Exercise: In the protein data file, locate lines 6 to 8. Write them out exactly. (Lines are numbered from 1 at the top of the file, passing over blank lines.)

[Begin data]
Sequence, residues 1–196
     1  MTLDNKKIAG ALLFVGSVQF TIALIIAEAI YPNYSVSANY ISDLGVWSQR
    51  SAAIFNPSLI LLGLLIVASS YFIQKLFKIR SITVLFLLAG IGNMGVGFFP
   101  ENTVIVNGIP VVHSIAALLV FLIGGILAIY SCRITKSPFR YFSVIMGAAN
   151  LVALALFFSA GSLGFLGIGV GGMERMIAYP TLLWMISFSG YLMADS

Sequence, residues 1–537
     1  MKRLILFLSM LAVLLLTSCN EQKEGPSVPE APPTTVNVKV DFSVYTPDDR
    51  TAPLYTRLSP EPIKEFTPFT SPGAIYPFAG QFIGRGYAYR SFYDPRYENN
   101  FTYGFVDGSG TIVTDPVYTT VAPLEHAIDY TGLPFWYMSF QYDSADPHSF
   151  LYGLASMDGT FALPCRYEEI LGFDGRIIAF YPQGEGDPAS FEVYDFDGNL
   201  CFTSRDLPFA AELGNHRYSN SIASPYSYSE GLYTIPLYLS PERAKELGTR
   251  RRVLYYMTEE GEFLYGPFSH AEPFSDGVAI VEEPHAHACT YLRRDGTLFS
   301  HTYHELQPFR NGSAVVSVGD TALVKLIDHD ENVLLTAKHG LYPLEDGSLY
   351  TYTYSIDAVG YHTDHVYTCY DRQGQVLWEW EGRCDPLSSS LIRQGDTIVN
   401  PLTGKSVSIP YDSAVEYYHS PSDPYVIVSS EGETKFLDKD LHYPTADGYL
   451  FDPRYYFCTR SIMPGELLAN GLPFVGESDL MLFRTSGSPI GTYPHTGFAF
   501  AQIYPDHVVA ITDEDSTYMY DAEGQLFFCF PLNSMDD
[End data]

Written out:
Sequence, residues 1–537
     1  MKRLILFLSM LAVLLLTSCN EQKEGPSVPE APPTTVNVKV DFSVYTPDDR
    51  TAPLYTRLSP EPIKEFTPFT SPGAIYPFAG QFIGRGYAYR SFYDPRYENN